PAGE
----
15 Professions With The Highest Suicide Rates

Jobs suck, but for most of us we must have one to pay the bills. Some jobs are much worse than others and some are so bad you want to kill yourself. Not working late hours and killing your life, but actually committing suicide. These are the jobs with the highest suicide rates.

There are both blue collar and white collar jobs on their list with several areas that factor into the misery some go through in these positions. Where the job is located and overall environment is very important as is stress and number of hours working. Some of these jobs require high skills that require intense concentration while others it’s the boredom that ends up killing you, literally. Other jobs make you question humanity and are plain difficult to deal with. Of course, jobs with access to drugs and medications also have a high suicide rate. There’s a reason the phrase is “out of sight, out of mind.” If you work in the healthcare industry, there is a good chance your profession’s suicide rate is higher than most.

Jobs that just missed the list include those with careers in wood workers and heat treating equipment. The work is hard, the money is low and there really is no such thing as advancement. Also, any type of sales job that is based on commission could be on this list. When you don’t know if there is enough money to put food on the table you resort to last resorts. Once I worked in a rock quarry, I quit after one day. Some jobs are not for everyone.

Hard labor jobs, well-respected jobs and people who save lives. They are all on this list and they all hold jobs with the highest rate of suicide.


15 Police Officers

Young kids often want to be police officers when they grow up. You get to wear a uniform, carry a gun and most importantly, have a car with a siren. Of course, being a cop can be dangerous and is very high-stress. The hours may be difficult (especially when first starting out) and let’s face it, you are an officer, and so you see the worst and are training to look for the worst. There is also an “always on the job” feel when you are a cop and de-stressing when off duty can be challenging for cops. Many suffer from dependencies and depression, two key ingredients for suicidal thoughts.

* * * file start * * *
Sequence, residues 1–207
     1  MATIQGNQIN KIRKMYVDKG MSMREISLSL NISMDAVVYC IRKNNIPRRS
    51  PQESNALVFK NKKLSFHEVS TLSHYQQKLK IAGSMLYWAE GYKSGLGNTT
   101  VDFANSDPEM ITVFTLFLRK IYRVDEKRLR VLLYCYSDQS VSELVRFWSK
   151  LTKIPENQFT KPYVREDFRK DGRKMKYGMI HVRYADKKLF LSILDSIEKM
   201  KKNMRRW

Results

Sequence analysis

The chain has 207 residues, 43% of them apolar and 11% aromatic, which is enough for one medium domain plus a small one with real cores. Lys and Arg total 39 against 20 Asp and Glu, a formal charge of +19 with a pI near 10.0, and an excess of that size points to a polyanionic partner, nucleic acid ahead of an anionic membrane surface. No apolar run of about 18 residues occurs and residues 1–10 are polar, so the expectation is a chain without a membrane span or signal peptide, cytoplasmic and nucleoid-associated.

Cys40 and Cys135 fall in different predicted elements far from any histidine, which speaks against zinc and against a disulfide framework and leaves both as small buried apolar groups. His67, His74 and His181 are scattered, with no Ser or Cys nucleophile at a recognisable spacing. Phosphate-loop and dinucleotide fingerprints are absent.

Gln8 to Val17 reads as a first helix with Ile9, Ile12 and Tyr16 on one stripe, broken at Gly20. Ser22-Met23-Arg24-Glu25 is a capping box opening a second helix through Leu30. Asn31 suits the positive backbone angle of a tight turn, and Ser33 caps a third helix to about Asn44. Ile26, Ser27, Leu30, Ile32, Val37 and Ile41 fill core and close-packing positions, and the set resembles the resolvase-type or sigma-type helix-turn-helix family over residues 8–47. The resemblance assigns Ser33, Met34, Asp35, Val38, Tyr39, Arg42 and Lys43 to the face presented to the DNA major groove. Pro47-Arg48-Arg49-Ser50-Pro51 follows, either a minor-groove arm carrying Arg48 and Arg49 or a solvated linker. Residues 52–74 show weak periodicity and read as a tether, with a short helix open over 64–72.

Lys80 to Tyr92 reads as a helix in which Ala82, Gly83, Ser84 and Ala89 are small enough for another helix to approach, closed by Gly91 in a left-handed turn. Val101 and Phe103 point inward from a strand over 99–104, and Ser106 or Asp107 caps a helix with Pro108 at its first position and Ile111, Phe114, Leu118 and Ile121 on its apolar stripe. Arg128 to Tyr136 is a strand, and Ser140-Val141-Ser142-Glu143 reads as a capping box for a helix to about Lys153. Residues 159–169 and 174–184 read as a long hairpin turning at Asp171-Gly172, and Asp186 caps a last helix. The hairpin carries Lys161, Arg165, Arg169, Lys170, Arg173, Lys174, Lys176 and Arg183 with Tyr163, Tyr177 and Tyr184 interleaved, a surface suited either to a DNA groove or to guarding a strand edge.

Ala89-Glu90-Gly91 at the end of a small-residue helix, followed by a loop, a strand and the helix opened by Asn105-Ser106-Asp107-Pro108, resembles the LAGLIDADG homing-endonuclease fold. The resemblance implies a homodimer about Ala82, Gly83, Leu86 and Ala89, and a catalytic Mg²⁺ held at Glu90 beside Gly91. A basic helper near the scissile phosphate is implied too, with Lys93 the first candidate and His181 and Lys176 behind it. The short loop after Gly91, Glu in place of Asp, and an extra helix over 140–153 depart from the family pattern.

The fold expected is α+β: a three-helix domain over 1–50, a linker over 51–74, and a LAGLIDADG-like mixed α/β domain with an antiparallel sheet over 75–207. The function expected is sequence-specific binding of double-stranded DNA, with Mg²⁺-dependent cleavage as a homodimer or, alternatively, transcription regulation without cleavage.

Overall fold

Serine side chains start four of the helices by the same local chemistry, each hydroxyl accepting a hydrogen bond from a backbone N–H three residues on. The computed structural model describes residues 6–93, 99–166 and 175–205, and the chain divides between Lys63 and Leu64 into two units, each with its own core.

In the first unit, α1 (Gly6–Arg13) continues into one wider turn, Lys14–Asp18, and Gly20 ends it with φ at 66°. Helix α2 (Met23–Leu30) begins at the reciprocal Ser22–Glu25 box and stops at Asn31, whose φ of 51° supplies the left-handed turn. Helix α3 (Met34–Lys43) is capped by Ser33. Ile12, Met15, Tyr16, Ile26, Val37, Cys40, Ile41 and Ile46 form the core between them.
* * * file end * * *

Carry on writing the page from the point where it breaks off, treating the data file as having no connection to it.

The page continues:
14 Farmers


Each time I go to the grocery store it’s a hassle, but you know what is harder? Growing the food that we take for granted each day. Farmers have one of the most difficult jobs in the world. Up early, work hard all day and late nights. The job is unforgiving and there really is no “out” given most don’t have a college education to fall back on if farming doesn’t work out.  Faming also gives you a lot of alone time, that’s a lot of thinking. Now consider how competitive the grocery market is and how traditional methods of producing food are often shunned today. That leaves farmers with no options other than to get up early and try to make a buck. That’s not easy!

13 Scientists

It’s not always good to be the smartest person in the room.  That’s a lot of pressure. Scientists are all about discovery and if they don’t perform to their own goals it can be disappointing. Or worse, if a scientist uncovers something harmful, or is unable to reveal their results – that can lead to stress. Most Scientists are focused in one area that requires lots of schooling and testing and certifications. Imagine putting a long day at the office (or lab) and then having to spend your evenings study complicated scientific methods. It’s easy to see how this job can lead to depression and suicidal actions.

12 Lawyers


Lawyers come in all flavors and there are several different industries for attorneys to practice. Some require long hours (corporate lawyers) and others extreme stresses (trial lawyers) while for some the job are to defend your client regardless of what side of the law he is on (criminal lawyers). Legal counsels are relied on to provide the definitive answer and the stress is intense. Couple that with the competiriveness due to a saturation of lawyers and you have a recipe for self destruction. Out of all the types of lawyers, criminal law is the worst. The job is to defend your client and regardless of your commitment to the job, there is a good chance that at some point you represent a client you believe is guilty. This scenario can make sleeping well an impossibility and suicide an option.